AB - The classic evidence for vocal production learning involves imitation of novel. often anthropogenic sounds. Among mammals, this has been reported for dolphins, elephants, harbor seals, and humans. A broader taxonomic distribution has been reported for vocal convergence, where the acoustic properties of calls from different individuals converge when they are housed together in captivity or form social bonds in the wild. Vocal convergence has been demonstrated for animals as diverse as songbirds, parakeets. hummingbirds, bats, elephants. cetaceans, and primates. For most species, call convergence is thought to reflect a group-distinctive identifier, with shared calls reflecting and strengthening social bonds. A ubiquitous function for vocal production learning that is starting to receive attention involves modifying signals to improve communication in a noisy channel. Pooling data on vocal imitation, vocal convergence, and compensation for noise suggests a wider taxonomic distribution of vocal production learning among mammals than has been generally appreciated. The wide taxonomic distribution of this evidence for vocal production learning suggests that perhaps more of the neural underpinnings for vocal production learning are in place in mammals than is usually recognized.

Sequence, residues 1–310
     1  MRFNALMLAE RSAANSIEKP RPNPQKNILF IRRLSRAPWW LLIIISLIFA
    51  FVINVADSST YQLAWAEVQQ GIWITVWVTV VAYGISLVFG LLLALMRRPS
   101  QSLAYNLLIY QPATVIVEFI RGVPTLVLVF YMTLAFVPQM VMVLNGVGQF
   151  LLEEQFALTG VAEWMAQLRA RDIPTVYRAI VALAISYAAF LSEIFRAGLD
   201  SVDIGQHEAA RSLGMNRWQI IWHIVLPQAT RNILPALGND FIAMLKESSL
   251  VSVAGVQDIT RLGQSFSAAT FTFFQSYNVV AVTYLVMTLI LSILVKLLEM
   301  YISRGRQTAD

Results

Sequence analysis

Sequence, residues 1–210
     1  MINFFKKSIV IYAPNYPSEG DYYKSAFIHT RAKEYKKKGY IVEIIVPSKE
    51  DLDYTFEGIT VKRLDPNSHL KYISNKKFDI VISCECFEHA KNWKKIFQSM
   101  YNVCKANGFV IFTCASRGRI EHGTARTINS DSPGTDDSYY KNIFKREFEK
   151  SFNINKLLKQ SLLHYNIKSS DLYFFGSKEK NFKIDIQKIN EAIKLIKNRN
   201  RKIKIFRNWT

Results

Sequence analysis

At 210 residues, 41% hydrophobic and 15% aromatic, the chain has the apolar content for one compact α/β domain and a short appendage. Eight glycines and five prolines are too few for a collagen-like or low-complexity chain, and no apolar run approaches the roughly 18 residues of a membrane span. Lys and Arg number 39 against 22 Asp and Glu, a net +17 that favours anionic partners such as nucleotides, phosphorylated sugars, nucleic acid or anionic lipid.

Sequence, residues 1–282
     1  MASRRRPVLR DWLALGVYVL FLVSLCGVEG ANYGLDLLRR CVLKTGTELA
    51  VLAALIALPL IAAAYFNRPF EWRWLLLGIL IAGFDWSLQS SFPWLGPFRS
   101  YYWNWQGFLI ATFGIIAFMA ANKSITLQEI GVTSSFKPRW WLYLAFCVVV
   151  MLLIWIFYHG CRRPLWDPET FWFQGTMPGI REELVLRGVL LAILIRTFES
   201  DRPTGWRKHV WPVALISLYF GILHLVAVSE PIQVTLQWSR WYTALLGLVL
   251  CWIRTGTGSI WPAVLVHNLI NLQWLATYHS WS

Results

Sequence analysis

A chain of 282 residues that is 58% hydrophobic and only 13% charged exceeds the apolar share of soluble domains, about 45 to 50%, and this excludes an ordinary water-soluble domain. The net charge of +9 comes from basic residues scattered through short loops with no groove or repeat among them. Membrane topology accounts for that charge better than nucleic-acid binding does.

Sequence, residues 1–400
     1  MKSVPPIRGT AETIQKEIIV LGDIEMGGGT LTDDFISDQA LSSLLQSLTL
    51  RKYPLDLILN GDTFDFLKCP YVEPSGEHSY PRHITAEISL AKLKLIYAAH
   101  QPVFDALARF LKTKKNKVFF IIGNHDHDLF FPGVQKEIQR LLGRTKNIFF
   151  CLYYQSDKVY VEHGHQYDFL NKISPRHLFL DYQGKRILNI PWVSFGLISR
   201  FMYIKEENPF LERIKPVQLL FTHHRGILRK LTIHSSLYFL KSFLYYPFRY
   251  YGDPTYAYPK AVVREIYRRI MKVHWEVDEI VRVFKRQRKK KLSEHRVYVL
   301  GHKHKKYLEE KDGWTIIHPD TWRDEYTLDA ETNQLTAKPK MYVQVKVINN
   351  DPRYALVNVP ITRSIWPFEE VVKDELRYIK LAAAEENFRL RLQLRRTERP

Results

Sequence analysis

KW - vocal learning

KW - vocal production learning

KW - vocal convergence

KW - noise compensation

KW - RESIDENT KILLER WHALES

KW - SPEAR-NOSED BATS

KW - BUDGERIGARS MELOPSITTACUS-UNDULATUS

KW - DOPPLER-SHIFT COMPENSATION

KW - PACIFIC SPERM-WHALES

KW - ORCINUS-ORCA

KW - TURSIOPS-TRUNCATUS

KW - SIGNATURE WHISTLES

KW - WILD CHIMPANZEES

KW - ELEPHANT SEALS

U2 - 10.1037/a0013087

DO - 10.1037/a0013087

M3 - Review article

VL - 122

SP - 319

EP - 331

JO - Journal of Comparative Psychology

JF - Journal of Comparative Psychology

SN - 0735-7036

IS - 3

ER -

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ID: 17105369